16. Aslan, M.; Hsu, E.-C.; Garcia-Marques, F.J.; Bermudez, A.; Liu, S.; Shen, M.; West, M.; Zhang, C.A.; Rice, M.A.; Brooks, J.D.; et al. Oncogene-mediated metabolic gene signature predicts breast cancer outcome. NPJ Breast Cancer 2021, 7, 141.
  17. Vidula, N.; Yau, C.; Rugo, H.S. Trop2 gene expression (Trop2e) in primary breast cancer (BC): Correlations with clinical and tumor characteristics. J. Clin. Oncol. 2017, 35, 1075.
  18. Wang, J.; Day, R.; Dong, Y.; Weintraub, S.J.; Michel, L. Identification of Trop-2 as an oncogene and an attractive therapeutic target in colon cancers. Mol. Cancer Ther. 2008, 7, 280–285.
  19. Trerotola, M.; Cantanelli, P.; Guerra, E.; Tripaldi, R.; Aloisi, A.L.; Bonasera, V.; Lattanzio, R.; de Lange, R.; Weidle, U.H.; Piantelli, M.; et al. Upregulation of Trop-2 quantitatively stimulates human cancer growth. Oncogene 2012, 32, 222–233.
  20. Ripani, E.; Sacchetti, A.; Corda, D.; Alberti, S. Human Trop-2 is a tumor-associated calcium signal transducer. Int. J. Cancer 1998, 76, 671–676.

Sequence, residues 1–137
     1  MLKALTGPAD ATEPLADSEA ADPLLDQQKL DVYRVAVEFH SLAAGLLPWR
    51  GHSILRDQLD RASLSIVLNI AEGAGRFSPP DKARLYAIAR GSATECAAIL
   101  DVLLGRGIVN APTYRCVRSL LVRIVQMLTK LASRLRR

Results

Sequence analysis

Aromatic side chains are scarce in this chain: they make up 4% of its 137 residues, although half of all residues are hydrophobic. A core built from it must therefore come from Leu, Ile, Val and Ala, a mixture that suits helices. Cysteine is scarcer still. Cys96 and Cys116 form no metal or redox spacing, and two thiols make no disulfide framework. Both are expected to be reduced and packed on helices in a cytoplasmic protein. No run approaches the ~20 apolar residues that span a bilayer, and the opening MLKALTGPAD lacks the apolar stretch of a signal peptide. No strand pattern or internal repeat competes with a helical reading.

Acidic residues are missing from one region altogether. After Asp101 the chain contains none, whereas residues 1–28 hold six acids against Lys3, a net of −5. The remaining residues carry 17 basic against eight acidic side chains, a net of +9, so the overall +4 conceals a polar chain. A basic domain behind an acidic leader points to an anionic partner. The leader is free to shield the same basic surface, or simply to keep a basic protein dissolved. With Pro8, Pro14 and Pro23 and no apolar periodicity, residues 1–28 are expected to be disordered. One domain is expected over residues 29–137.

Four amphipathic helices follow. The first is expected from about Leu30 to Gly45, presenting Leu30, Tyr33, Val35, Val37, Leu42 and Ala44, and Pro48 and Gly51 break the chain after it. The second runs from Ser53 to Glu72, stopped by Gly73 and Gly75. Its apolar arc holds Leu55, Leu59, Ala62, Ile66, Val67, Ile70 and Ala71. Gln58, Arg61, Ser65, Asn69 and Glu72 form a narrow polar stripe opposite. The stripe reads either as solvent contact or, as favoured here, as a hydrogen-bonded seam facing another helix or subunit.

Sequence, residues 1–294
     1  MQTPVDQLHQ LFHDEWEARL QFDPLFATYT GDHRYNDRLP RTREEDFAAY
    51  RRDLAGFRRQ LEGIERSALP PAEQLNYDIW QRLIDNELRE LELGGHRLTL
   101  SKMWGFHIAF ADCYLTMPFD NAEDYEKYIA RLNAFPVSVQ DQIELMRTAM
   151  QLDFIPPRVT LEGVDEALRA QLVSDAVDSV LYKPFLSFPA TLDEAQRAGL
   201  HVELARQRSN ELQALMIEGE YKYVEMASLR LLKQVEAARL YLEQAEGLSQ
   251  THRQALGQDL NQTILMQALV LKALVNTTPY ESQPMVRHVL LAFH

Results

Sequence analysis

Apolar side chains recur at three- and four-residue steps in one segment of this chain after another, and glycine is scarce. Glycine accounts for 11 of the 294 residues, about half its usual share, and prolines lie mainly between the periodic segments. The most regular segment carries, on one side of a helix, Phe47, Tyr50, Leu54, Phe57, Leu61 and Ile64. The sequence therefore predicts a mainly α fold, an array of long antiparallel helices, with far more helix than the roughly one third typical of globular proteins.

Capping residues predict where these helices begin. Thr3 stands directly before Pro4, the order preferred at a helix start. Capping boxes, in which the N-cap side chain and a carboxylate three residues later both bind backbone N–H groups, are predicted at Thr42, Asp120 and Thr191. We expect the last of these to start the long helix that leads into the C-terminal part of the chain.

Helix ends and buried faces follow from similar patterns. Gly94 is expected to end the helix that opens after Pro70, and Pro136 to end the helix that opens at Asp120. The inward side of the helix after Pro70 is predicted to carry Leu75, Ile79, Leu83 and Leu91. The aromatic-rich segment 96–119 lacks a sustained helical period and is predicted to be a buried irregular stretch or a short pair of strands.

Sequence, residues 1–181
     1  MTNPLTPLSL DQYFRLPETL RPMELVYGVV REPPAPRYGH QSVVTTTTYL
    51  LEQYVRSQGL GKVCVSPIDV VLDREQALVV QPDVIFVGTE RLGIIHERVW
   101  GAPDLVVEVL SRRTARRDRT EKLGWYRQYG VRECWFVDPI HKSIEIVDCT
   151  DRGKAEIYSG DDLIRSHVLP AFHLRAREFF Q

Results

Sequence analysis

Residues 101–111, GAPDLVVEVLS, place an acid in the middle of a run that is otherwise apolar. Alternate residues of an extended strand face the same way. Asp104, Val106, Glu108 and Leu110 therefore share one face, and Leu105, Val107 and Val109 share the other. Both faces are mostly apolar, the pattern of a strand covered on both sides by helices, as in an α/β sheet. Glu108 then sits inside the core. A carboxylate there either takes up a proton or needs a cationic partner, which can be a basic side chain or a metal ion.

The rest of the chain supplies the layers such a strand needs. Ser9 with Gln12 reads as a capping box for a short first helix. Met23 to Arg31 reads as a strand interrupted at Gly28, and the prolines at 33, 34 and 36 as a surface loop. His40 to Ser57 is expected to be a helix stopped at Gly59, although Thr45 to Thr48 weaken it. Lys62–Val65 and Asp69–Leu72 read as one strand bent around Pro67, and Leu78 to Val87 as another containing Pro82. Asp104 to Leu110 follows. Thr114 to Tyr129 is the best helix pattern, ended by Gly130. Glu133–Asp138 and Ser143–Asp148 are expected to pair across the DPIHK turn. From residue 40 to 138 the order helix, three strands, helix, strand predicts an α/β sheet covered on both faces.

21. Guerra, E.; Trerotola, M.; Aloisi, A.L.; Tripaldi, R.; Vacca, G.; La Sorda, R.; Lattanzio, R.; Piantelli, M.; Alberti, S. The Trop-2 signalling network in cancer growth. Oncogene 2012, 32, 1594–1600.
  22. Cubas, R.; Zhang, S.; Li, M.; Chen, C.; Yao, Q. Trop2 expression contributes to tumor pathogenesis by activating the ERK MAPK pathway. Mol. Cancer 2010, 9, 253.
  23. Faião-Flores, F.; Coelho, P.R.P.; Arruda-Neto, J.D.T.; Maria-Engler, S.S.; Tiago, M.; Capelozzi, V.L.; Giorgi, R.R.; Maria, D.A. Apoptosis through Bcl-2/Bax and cleaved caspase up-regulation in melanoma treated by boron neutron capture therapy. PLoS ONE 2013, 8, e59639.